One of the most well known qualities of the ocean is that it is salty. The two most common elements in sea water, after oxygen and hydrogen, are sodium and chloride. Sodium and chloride combine to form what we know as table salt.
Sea water salinity is expressed as a ratio of salt (in grams) to liter of water, It is written parts per thousand (ppt). In sea water, there is typically close to 35 grams of dissolved salts in each liter (35ppt), but ranges between 33-37 grams per liter (33ppt - 37ppt).
But as in weather, where there are areas of high and low pressure, the ocean has areas of high and low salinity. Of the five ocean basins, the Atlantic Ocean is the saltiest. On average, there is a distinct decrease in salinity near the equator and at both poles, although for different reasons.
Near the equator, the tropics receive the most rain on a consistent basis. As a result, the fresh rain water falling into the ocean decreases the salinity of the surface water in that region. Rain decreases further from the equator, and with less rain and more sunshine, evaporation increases. Evaporation of water vapor from the ocean to the atmosphere leaves behind the salt, resulting in higher salinity. Toward the poles, fresh water from melting ice decreases the surface salinity once again.
The saltiest locations in the ocean are the regions where evaporation is highest or in large bodies of water where there is no outlet into the ocean. The saltiest ocean water is in the Red Sea and in the Persian Gulf region (around 40ppt) due to very high evaporation and little fresh water inflow.
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Floating sea ice is the result of a unique property of water. As the temperature decreases to 40°F (4°C), the molecules slow and contract, and the density increases, same as other substances. Below 40°F (4°C), however, the water molecules begin to bond to each other; as they do, they are held apart, and the water expands again, decreasing the density. At 32°F (0°C), all molecules are locked into a crystalline structure, resulting in a nine percent expansion in size. This expansion and corresponding decrease in density is the reason ice floats.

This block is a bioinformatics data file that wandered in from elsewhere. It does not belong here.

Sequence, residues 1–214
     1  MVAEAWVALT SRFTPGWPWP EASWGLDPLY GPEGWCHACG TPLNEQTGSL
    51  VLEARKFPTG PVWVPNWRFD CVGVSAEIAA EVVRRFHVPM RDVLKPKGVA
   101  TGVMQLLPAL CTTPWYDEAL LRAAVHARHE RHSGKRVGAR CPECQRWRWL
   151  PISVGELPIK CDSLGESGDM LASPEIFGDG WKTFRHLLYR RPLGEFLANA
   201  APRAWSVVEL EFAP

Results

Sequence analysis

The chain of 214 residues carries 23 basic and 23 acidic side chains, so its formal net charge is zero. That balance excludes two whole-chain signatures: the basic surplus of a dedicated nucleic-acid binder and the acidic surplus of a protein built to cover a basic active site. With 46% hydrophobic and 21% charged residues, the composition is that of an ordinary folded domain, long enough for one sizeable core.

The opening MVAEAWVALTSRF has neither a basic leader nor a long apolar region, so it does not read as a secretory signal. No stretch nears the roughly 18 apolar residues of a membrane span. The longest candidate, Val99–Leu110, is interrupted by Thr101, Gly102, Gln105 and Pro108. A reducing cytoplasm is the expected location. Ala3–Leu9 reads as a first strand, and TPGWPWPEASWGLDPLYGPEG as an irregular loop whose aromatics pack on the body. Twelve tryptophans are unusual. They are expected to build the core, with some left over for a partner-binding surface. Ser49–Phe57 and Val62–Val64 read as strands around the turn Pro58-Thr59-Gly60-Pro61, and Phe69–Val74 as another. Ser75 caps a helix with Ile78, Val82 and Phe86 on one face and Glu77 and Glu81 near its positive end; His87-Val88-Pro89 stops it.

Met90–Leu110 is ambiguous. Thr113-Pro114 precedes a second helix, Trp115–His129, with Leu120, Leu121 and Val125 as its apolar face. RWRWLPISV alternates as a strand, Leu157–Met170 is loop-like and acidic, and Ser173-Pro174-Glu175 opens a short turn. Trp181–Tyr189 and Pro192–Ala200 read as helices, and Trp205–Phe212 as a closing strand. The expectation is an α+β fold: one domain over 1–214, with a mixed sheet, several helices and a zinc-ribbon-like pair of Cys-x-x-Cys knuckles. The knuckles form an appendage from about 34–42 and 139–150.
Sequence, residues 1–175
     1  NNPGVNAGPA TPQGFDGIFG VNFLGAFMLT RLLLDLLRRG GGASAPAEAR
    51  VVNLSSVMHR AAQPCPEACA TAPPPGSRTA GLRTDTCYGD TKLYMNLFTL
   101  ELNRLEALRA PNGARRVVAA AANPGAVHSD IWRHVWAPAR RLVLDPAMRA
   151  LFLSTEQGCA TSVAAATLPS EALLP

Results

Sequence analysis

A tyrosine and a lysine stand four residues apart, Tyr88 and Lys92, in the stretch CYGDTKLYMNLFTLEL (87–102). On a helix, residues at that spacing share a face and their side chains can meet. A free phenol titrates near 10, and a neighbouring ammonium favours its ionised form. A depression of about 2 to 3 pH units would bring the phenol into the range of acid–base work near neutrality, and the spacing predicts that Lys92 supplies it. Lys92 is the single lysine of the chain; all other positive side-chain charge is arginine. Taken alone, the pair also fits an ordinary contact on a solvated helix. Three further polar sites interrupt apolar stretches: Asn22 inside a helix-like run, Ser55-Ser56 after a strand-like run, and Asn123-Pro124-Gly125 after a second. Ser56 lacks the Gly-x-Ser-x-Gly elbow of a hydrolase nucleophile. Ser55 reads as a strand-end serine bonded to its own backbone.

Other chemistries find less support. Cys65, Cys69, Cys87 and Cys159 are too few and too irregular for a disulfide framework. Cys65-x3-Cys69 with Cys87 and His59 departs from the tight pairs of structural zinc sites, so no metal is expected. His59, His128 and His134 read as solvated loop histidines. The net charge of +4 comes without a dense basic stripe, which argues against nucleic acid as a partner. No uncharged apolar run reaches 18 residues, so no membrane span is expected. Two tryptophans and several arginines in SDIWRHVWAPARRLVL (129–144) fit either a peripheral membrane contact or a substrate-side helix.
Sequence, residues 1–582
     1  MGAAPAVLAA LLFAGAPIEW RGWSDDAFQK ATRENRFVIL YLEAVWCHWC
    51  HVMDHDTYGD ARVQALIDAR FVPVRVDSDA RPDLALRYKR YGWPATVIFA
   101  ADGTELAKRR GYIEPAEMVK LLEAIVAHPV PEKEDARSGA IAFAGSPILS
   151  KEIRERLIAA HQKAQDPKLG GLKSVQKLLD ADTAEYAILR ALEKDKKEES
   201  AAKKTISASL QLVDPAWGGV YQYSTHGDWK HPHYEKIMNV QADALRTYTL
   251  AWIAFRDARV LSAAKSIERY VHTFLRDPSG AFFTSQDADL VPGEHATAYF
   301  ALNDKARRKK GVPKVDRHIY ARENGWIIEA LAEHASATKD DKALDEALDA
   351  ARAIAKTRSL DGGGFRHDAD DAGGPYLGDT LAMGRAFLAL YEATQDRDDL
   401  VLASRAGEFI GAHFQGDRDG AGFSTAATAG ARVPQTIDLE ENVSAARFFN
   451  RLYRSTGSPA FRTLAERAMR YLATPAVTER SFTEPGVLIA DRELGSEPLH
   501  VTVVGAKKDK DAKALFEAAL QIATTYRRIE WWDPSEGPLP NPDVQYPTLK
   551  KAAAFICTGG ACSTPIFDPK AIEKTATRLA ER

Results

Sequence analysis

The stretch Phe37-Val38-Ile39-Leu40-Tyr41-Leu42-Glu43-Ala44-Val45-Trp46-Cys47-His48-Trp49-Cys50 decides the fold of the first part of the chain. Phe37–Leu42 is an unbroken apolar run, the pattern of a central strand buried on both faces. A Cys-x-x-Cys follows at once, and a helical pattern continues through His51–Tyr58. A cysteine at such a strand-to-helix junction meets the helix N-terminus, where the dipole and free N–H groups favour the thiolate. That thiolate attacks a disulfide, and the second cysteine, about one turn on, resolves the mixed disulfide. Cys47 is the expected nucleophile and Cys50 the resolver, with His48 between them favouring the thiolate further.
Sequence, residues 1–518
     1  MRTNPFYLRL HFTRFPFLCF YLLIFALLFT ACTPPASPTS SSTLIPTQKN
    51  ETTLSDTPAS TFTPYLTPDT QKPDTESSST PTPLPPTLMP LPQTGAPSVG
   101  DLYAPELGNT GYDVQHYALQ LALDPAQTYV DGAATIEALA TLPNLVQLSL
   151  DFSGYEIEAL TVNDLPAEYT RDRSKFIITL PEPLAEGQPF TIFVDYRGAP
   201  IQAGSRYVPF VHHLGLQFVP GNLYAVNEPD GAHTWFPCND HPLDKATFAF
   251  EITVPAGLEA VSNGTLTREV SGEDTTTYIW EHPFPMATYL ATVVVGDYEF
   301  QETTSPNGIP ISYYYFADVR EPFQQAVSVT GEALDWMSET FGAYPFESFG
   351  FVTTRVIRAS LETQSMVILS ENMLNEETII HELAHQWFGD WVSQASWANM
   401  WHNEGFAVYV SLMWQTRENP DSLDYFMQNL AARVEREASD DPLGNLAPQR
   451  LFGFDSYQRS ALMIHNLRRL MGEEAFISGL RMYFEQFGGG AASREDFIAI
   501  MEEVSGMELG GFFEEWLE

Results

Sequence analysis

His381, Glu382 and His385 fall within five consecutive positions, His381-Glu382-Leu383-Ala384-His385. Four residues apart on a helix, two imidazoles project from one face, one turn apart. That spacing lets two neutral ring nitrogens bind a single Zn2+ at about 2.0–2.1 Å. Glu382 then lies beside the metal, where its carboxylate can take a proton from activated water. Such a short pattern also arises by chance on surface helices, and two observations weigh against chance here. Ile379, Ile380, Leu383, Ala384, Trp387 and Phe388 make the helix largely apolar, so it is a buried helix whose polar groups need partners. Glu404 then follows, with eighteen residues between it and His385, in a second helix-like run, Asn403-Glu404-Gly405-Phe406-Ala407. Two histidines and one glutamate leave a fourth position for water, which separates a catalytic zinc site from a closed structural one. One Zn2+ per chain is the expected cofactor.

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The amount of salt in sea water determines the temperature at which sea water freezes because adding salt to water lowers the freezing temperature. Water with a salinity of 17ppt freezes at about 30°F (-1°C) and 35ppt water freezes at about 28.5°F (-2°C). However, sea ice itself contains very little salt, about a tenth of the amount of salt that sea water has. This is because ice will not incorporate salt into its crystal structure. Newly formed sea ice can trap pockets of salty water, called brine, making the ice salty at first. Eventually, though, the brine gets pushed out of the ice’s crystal structure. Therefore, older sea ice is actually drinkable.
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The density of sea water, however, is influenced by both its temperature and salinity. Density increases as salinity increases and as temperature decreases. Because salt lowers the freezing point of water, sea water does not start forming the lattice structure that lowers its density until it is much colder than fresh water. Therefore, when sea ice does form and loses salt, the salt is concentrated in the water beneath it, and the salinity (and therefore the density) of the underlying water continues to increase well after an area is iced over.
Learning Lesson: Salt 'n Lighter
The "Average Salinity" map (right) shows the lowest salinity being in the polar regions. However, this image depicts surface salinity only. Polar surface salinity is lower than in the tropical regions due to ice melting each summer. However, winter ice formation increases the salinity below the ocean surface, causing the water below the ice to sink. That sinking motion governs the flow of the ocean's deep-water currents.
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